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Home3D PrintingDyndrite joins National Manufacturing Institute Scotland to further metal 3D printing research

Dyndrite joins National Manufacturing Institute Scotland to further metal 3D printing research

Dyndrite has announced that it is now a member of the National Manufacturing Institute Scotland (NMIS). The company will collaborate with researchers from the NMIS Digital Factory focused on developing Laser Powder Bed Fusion 3D printing (LBPF) process materials knowledge across multiple industries.


The company says that the group will work on a range of research and development projects in metal 3D printing, from assessing fatigue strength and corrosion resistance for biomedical applications, to finding the best materials properties for parts used in the energy sector.


“We are delighted to join forces with NMIS and members to develop AM metals materials and explore production automation of LPBF using repeatable build recipes,” said Stephen Anderson, Head of Strategic Relationships at Dyndrite. “By removing variation in the print process we showcase how additive manufacturing scales to allow users to make more parts with greater consistency at a lower price. This is the key to unlocking new markets in 3D metal printing. This effort will drive metal AM into a mainstream production process and enable simpler traceability from powder to part.”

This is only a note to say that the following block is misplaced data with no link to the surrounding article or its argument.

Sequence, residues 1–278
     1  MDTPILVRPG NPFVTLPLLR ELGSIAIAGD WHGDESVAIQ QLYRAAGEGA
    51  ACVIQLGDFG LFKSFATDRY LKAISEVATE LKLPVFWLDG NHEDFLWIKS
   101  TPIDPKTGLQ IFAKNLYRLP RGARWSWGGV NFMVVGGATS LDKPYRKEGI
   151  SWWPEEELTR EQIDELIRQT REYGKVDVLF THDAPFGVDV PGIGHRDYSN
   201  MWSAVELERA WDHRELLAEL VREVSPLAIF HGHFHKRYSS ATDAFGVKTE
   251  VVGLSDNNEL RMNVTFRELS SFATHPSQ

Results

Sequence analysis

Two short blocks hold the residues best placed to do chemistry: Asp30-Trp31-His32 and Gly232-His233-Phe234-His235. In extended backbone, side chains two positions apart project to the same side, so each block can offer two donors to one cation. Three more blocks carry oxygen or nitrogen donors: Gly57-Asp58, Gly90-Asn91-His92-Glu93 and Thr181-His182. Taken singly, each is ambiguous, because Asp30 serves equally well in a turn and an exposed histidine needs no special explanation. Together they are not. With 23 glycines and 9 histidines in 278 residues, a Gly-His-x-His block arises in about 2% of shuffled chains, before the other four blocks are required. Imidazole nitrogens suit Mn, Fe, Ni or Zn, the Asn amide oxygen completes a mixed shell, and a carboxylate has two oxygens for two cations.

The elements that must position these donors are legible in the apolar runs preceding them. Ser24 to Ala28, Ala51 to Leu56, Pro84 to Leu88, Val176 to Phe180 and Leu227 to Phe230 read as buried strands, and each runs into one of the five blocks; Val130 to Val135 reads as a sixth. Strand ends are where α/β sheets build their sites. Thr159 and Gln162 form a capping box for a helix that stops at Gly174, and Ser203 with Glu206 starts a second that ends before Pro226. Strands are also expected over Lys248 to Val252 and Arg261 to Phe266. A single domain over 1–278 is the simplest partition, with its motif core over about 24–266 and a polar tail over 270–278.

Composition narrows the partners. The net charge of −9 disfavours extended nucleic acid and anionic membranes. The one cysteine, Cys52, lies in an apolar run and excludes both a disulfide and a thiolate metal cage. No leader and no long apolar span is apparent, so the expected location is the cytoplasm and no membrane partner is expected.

Other members of NMIS include: Infor, Baker Hughes, Fanuc, ATS Global, Sandvik, Skyreal, Hybrid Manufacturing Technologies, Beckhoff, Nikken and Renishaw.


Stephen Fitzpatrick, Director of NMIS Digital Factory said: “We’re excited to welcome Dyndrite as our newest NMIS member, where they will be working with our Additive team. Dyndrite is a leading provider of 3D software for engineering, and manufacturing applications. Our deployment will immediately help develop and grow our AM materials novel additive use cases within process qualification and calibration and automated production lines. We look forward to getting started.”


Dyndrite recently revealed its first end-user 3D printing application, Dyndrite Materials and Process Development for LBPF. The GPU-based 3D application is designed for engineers and scientists and is said to simplify and bring automation to the development of metal alloys and parts for laser-based 3D metal printing.


The application utilises Dyndrite’s Accelerated Computation Engine (ACE). This includes the ability to query 3D geometry in order to detect and optimise for difficult to print features such as domes, cantilevers, and thin walls according to the company. Dyndrite says the application increases print throughput, speeds development, and lower parts costs.



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